Vision Of Society In George Orwell's Nineteen Eighty-Four

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Vision of Society in George Orwell’s Nineteen Eighty-Four Introduction Orwell 's pre-occupation with the social vision lends a distinctive flavour to his works like Animal Farm and Nineteen Eighty-Four. As a social novelist, Orwell is less interested in man than in the society that has moulded him. So his characters exist as social animals and are indicated in terms of status, race, caste, tradition, and their place in the scheme is more important than what they in themselves are. Orwell 's novels prior to Nineteen Eighty-Four (1949) present an openly anti-imperialist and anti-capitalist attitude from a liberal humanist stance. He has attacked in his novels, the dehumanizing influences of these systems rather than their exploitative aspects. Nineteen Eighty-Four rejects the alternative political model that claimed to be socialistic but which Orwell regarded to be in diametric contrast to his vision of a socialistic state. Orwell 's fictional works categorically reflect his social vision and his own point of…show more content…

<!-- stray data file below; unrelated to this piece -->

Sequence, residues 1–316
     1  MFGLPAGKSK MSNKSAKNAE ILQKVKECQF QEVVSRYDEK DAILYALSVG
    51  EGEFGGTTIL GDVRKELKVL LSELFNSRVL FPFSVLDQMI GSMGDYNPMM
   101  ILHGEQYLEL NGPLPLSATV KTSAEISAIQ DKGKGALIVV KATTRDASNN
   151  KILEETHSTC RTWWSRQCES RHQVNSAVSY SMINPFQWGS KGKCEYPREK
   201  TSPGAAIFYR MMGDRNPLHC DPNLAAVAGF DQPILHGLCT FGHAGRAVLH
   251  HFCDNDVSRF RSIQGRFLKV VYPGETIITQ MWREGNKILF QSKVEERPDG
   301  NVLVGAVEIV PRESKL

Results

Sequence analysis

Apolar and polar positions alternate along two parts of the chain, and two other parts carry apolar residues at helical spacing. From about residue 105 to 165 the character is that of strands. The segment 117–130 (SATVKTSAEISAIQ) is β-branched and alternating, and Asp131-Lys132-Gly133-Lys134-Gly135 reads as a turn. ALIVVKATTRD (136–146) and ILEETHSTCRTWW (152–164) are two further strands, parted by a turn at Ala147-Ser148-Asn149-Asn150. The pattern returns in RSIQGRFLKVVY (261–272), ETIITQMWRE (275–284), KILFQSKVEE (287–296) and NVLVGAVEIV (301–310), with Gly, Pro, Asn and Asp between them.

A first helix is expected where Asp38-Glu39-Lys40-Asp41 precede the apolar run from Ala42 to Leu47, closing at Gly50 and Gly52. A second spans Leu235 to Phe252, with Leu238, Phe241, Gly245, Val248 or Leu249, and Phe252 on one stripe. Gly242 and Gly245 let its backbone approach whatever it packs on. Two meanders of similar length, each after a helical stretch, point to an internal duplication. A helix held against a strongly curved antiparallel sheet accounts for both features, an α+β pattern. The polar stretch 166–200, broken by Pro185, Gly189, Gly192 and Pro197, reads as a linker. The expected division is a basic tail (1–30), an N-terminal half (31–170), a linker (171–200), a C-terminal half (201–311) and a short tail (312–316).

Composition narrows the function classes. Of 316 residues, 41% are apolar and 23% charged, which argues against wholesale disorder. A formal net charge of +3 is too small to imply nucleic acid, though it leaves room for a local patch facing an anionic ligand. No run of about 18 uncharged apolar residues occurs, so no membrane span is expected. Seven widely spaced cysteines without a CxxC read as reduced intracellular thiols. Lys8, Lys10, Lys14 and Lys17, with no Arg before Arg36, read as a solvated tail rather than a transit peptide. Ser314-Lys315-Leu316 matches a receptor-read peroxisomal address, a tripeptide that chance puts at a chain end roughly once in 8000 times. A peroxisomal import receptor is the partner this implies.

In his earlier novels, none of the protagonists though defeated, gives an impression of being crushed under the weight of the system he detests. The door for hope is still open. In the critique of capitalist set-up, Orwell gives the unmistakable impression that his ideological moorings are still intact. Even in the critique of the Soviet Union in Animal Farm, Orwell 's presents a utopian fantasy portraying the development of a state proclaimed as ideal one but becoming despotic and oligarchical. The seven commandments written on the wall of the farm just after the revolution provide a fair idea of the best life promised by

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